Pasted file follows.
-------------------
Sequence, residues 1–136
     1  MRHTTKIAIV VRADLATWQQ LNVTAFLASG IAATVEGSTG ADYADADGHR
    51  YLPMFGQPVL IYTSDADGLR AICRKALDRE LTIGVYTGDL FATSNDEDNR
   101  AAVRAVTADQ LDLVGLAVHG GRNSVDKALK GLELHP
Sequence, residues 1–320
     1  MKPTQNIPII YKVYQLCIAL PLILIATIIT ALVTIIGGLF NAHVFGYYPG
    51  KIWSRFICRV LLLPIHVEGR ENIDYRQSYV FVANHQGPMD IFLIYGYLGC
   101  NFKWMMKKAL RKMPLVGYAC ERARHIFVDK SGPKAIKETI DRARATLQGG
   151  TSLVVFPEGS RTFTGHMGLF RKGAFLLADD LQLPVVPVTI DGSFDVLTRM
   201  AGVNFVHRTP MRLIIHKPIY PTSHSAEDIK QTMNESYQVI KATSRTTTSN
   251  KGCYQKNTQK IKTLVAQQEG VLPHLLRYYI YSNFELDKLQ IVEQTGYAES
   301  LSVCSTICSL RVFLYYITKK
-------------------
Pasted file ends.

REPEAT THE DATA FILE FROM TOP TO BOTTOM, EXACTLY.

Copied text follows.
Sequence, residues 1–136
     1  MRHTTKIAIV VRADLATWQQ LNVTAFLASG IAATVEGSTG ADYADADGHR
    51  YLPMFGQPVL IYTSDADGLR AICRKALDRE LTIGVYTGDL FATSNDEDNR
   101  AAVRAVTADQ LDLVGLAVHG GRNSVDKALK GLELHP
Sequence, residues 1–320
     1  MKPTQNIPII YKVYQLCIAL PLILIATIIT ALVTIIGGLF NAHVFGYYPG
    51  KIWSRFICRV LLLPIHVEGR ENIDYRQSYV FVANHQGPMD IFLIYGYLGC
   101  NFKWMMKKAL RKMPLVGYAC ERARHIFVDK SGPKAIKETI DRARATLQGG
   151  TSLVVFPEGS RTFTGHMGLF RKGAFLLADD LQLPVVPVTI DGSFDVLTRM
   201  AGVNFVHRTP MRLIIHKPIY PTSHSAEDIK QTMNESYQVI KATSRTTTSN
   251  KGCYQKNTQK IKTLVAQQEG VLPHLLRYYI YSNFELDKLQ IVEQTGYAES
   301  LSVCSTICSL RVFLYYITKK